Before testers gate-crashed his party, Povetkin was – perhaps still is – a solid, technically sound and aggressive heavyweight, someone heavy-handed enough to knock out durable types like Carlos Takam, Chris Byrd and Manuel Charr. He was undersized against Klitschko in 2013, but so were many before and after him. Moreover, the fact he was once considered Klitschko’s first decent challenge in quite a while is a testament to ‘Sasha’s pedigree and power.
Today, Povetkin moves slower and seems vulnerable, but his March win over Price (the climax of which will soon be replayed ad nauseam) at least showed the Russian is now aware of his limitations – his lack of size, his susceptibility to monster punchers – and finds comfort in the simple strategy of moving his head, rolling under punches, and then swinging wildly with hooks of his own. This, in the context of a fight against Joshua, someone who shifts hands better than feet and head, could mean excitement. Danger, too, from Joshua’s point of view.
Which is why anyone frustrated by the Wilder shenanigans will do well to appreciate the Watford man’s willingness to wander sideways into a hazardous assignment. Because, chances are, Povetkin will be better than Wilder’s next fall guy. And let’s not forget, either, that only three months ago Joshua was taking Joseph Parker’s unbeaten record and WBO title in the first unification fight of his 21-fight pro career.
Say what you want about the Joshua and Wilder grandstanding, but one accusation that can’t be levelled at the 2012 Olympic champion is that he dodges challenges or enjoys being mollycoddled. In fact, Joshua, moved expertly since day one, has taken every fight at just the right time, done all that’s been asked of him in the ring, and is now one of the most marketable stars in the sport. He won’t turn 29 until October and he’s still very much finding his feet as a champion. If, therefore, he delays the biggest test of his career, his Everest moment, that’s fine. Benefit of the doubt should be given – at least temporarily.
Besides, such is the flimsy nature of the heavyweight division, it might pay to put this thing off for a while and hope, during this time, other contenders emerge, and the chasing pack fattens up a bit. Give it 12 months, let’s say, and the division might have something more to offer than a couple of larger-than-life champions and a gaggle of also-rans; leftovers from the Klitschko era and untested novices whose rise owes more to a lack of numbers than any great talent.
The fear is that you press ‘go’ on The Big One, take either Joshua or Wilder out of the equation, and create a god of a relative novice and a shortlist of contenders whose limitations have already been exposed. (Trust me, the world’s not yet ready for Dillian Whyte to declare himself the world’s number two.)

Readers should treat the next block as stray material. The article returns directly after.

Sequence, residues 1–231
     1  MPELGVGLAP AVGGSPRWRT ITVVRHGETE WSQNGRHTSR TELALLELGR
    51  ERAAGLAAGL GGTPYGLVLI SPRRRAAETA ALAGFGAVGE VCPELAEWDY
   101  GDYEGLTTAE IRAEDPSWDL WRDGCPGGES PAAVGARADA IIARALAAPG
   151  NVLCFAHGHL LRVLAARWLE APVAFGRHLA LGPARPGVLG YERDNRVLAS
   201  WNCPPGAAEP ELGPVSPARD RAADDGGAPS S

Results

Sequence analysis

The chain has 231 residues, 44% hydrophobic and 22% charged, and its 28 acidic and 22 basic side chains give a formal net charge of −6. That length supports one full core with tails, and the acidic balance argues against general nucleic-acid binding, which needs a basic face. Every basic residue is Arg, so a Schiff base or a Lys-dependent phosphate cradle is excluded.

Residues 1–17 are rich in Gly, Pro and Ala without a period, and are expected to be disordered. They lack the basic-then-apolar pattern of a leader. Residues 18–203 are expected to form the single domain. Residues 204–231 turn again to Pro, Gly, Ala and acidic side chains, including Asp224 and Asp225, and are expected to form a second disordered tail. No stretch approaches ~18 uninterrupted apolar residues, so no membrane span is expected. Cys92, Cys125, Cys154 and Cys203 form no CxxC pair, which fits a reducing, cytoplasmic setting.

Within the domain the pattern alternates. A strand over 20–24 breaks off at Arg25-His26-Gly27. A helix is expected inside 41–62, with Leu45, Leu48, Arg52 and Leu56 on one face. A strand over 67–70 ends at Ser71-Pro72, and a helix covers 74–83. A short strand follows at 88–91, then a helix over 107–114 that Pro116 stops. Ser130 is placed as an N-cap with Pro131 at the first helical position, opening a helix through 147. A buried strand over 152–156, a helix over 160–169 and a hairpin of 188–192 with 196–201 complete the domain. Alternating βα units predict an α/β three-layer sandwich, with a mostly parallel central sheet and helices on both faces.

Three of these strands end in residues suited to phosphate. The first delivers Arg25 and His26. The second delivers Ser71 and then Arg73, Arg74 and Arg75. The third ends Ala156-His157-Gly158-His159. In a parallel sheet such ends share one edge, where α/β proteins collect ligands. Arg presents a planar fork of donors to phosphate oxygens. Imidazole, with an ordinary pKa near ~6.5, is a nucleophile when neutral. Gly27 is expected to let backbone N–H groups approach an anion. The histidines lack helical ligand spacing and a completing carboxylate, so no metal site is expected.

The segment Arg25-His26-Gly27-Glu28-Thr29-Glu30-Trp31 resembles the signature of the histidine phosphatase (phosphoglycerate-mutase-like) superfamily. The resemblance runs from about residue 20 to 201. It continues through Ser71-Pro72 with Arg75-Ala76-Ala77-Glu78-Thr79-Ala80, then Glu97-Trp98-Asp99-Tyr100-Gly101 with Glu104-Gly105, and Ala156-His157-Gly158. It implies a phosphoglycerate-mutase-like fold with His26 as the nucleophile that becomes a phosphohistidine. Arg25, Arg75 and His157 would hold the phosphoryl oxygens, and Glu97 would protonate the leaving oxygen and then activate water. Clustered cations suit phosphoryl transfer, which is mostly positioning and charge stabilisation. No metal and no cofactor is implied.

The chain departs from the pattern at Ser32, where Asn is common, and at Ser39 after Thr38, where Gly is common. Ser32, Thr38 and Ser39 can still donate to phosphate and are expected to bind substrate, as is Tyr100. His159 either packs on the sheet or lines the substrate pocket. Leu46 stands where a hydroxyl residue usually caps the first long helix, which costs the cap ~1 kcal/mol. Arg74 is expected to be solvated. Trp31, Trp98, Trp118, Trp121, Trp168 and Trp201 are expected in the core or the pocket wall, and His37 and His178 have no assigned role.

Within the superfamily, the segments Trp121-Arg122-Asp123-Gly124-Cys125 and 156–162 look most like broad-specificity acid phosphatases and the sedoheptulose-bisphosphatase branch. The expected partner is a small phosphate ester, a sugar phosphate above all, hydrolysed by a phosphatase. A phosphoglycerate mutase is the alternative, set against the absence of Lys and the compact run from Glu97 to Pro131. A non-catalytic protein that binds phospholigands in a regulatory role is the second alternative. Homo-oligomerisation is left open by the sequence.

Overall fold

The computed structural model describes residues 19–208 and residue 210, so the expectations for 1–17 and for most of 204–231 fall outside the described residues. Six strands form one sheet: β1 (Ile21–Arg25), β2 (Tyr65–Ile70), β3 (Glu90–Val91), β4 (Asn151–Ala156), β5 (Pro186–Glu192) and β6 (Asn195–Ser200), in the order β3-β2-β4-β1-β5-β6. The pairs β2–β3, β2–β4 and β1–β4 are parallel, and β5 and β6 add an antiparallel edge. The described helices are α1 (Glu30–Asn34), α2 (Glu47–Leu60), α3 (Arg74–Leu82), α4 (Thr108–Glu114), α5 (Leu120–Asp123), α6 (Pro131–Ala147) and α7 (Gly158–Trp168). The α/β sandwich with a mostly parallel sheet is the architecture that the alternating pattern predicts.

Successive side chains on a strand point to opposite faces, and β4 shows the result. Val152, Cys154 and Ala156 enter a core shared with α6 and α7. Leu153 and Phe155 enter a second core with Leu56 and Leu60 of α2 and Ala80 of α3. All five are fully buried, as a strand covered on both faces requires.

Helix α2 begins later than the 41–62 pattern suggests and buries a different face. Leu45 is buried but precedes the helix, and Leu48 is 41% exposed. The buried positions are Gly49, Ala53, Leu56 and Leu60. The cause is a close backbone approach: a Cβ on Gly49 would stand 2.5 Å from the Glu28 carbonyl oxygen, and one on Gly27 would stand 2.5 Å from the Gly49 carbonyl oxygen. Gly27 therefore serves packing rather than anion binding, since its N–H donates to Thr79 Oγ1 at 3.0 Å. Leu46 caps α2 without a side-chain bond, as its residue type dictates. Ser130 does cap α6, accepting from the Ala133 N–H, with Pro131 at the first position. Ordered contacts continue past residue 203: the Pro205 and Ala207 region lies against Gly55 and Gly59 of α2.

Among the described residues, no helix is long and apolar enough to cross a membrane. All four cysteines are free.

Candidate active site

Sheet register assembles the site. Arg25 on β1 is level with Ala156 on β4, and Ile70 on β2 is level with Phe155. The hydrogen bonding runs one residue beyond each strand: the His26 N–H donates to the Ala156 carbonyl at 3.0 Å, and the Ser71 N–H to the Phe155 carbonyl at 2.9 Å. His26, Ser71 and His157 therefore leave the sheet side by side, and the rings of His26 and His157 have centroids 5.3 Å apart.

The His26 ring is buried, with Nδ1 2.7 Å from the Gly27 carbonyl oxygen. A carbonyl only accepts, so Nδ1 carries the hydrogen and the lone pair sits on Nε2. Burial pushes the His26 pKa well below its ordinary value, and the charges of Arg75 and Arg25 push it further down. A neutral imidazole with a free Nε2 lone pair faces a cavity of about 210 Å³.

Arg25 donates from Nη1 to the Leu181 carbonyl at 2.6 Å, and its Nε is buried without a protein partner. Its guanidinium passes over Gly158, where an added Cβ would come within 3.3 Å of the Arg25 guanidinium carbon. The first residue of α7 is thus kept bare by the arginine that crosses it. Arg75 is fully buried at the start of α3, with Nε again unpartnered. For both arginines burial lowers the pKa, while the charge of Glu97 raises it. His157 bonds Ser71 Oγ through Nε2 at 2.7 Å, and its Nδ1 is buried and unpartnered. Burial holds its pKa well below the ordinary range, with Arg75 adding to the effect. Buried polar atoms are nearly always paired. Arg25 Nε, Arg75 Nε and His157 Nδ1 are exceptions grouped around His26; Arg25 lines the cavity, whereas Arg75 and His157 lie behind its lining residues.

So Povetkin, if nothing else, buys time. He buys time for Joshua and Wilder to sort their numbers out and increase their respective profiles, and he buys time for the heavyweight division to find some shape and quality. A silver lining, of sorts.
Finally, sticking with the Sin City theme, there’s a certain fun to be had from standing back from the table and watching other people – strangers – recklessly gamble their own money in the hope they’ll win a lot more somewhere down the line.
Whether boxers, managers or promoters, these are men with the golden ticket to the chocolate factory who, rather than enter, wait outside for an upgrade (oblivious to the fact that gold is gold). And that’s fine. It’s their money. It’s their decision. But just as we shouldn’t get caught up in the pre-fight chicanery and crossfire, nor should we feel too sympathetic if it all blows up in various faces and the Joshua vs. Wilder fight, for one reason or another, never ends up happening.
These aren’t Valium-fuelled single mums slouching over a slot machine, child hanging from a leg, with an ashtray of crushed dreams, unpaid bills and cigarette butts. They are, instead, big boys, high rollers; blokes in expensive suits who are in it to win it and in it for whatever they can get. They’re playing a high-stakes game. They are fully aware of the rules. Fully in control.
Bystanders, meanwhile, can watch it all unfold, guilt-free, and find excitement in knowing each time Anthony Joshua and Deontay Wilder take a fight in the interim, each time they roll another dice instead of cashing out, they do so acutely aware that everything – everything – could go wrong in an instant.
It’s what makes otherwise vanilla title defences all of a sudden crucial. It’s what makes the likes of Alexander Povetkin more dangerous than you might assume.